I have gotten over it.  And to all you future volunteers:  heads up.  Get over it before you even get on that plane to come to Haiti. 
GLA nannies rock.  And they love these kids.  Proof?  Happy, content orphans. 
A stinky diaper or a crusty nose DOES NOT outweigh the value of the love and nurturing given in this place.  Now I shall put back on my flip-flops and drag my exhausted body out of the nursery and get a strong cup of coffee. 
Humility.  I highly recommend it.   And a really thorough hand washing.  

Thursday, July 14, 2011

My new little friend

He arrived at GLA just a couple of weeks ago.  He has been sick, but is now feeling better and has been cleared to go to the balcony for play time.  I have the privilege of being assigned as his first volunteer. 
James.  Tiny James.  He’s nearly a year old, but his body’s size doesn’t reflect his age.  I’m obsessed with his little legs.  With knees wider than his thighs, I can’t help myself but to rub the soft, loose skin on his legs.  I wonder how long it will take to get some meat on his bones.  Not long, I’m guessing.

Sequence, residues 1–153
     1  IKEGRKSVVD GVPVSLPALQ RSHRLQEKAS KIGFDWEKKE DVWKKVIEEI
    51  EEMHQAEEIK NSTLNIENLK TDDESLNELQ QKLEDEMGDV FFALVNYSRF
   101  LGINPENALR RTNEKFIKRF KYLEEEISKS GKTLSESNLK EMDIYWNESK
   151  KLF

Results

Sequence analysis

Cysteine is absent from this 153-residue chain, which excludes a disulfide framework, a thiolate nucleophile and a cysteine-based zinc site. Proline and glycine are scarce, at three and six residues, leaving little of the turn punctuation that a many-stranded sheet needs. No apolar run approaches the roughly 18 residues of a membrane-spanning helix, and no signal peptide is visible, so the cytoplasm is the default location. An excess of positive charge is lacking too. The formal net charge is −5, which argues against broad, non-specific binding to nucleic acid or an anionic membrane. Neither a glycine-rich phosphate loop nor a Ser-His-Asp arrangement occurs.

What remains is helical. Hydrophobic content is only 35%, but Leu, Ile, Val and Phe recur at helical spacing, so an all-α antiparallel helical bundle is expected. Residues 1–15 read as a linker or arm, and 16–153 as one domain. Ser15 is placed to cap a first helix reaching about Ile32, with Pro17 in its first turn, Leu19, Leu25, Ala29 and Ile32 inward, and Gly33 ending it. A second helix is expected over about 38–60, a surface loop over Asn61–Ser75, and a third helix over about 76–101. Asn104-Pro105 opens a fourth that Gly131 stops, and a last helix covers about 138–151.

Wide-eyed with a meek personality, he is a Matthew 25:40 example.  The least of the least of these, even.  
But James has hope.  God brought him to GLA just in time.  The viciousness of poverty has not destroyed this child.  His belly will be fed, his body will grow.  He will receive the medicine he needs to be healthy.  Love and affection will flood his heart and mind; in this place of respite he will thrive.  Then one day, the plan that God has for him will come to fruition.  James will go to his new home where he will have abundant opportunities.  But he will know the precious place he came from, a land that will continue to fight against the dark forces.